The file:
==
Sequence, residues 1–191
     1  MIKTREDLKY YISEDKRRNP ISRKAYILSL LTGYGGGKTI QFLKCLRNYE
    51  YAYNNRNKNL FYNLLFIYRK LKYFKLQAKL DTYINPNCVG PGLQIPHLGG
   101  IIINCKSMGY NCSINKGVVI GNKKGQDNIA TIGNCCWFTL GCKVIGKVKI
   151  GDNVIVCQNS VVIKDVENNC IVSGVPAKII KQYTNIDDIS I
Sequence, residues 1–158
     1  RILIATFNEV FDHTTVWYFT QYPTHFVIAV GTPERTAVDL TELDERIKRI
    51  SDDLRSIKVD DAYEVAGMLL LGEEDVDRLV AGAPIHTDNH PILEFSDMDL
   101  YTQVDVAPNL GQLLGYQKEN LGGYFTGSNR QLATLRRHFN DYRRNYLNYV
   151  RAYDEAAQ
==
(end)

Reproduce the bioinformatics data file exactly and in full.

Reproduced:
Sequence, residues 1–191
     1  MIKTREDLKY YISEDKRRNP ISRKAYILSL LTGYGGGKTI QFLKCLRNYE
    51  YAYNNRNKNL FYNLLFIYRK LKYFKLQAKL DTYINPNCVG PGLQIPHLGG
   101  IIINCKSMGY NCSINKGVVI GNKKGQDNIA TIGNCCWFTL GCKVIGKVKI
   151  GDNVIVCQNS VVIKDVENNC IVSGVPAKII KQYTNIDDIS I
Sequence, residues 1–158
     1  RILIATFNEV FDHTTVWYFT QYPTHFVIAV GTPERTAVDL TELDERIKRI
    51  SDDLRSIKVD DAYEVAGMLL LGEEDVDRLV AGAPIHTDNH PILEFSDMDL
   101  YTQVDVAPNL GQLLGYQKEN LGGYFTGSNR QLATLRRHFN DYRRNYLNYV
   151  RAYDEAAQ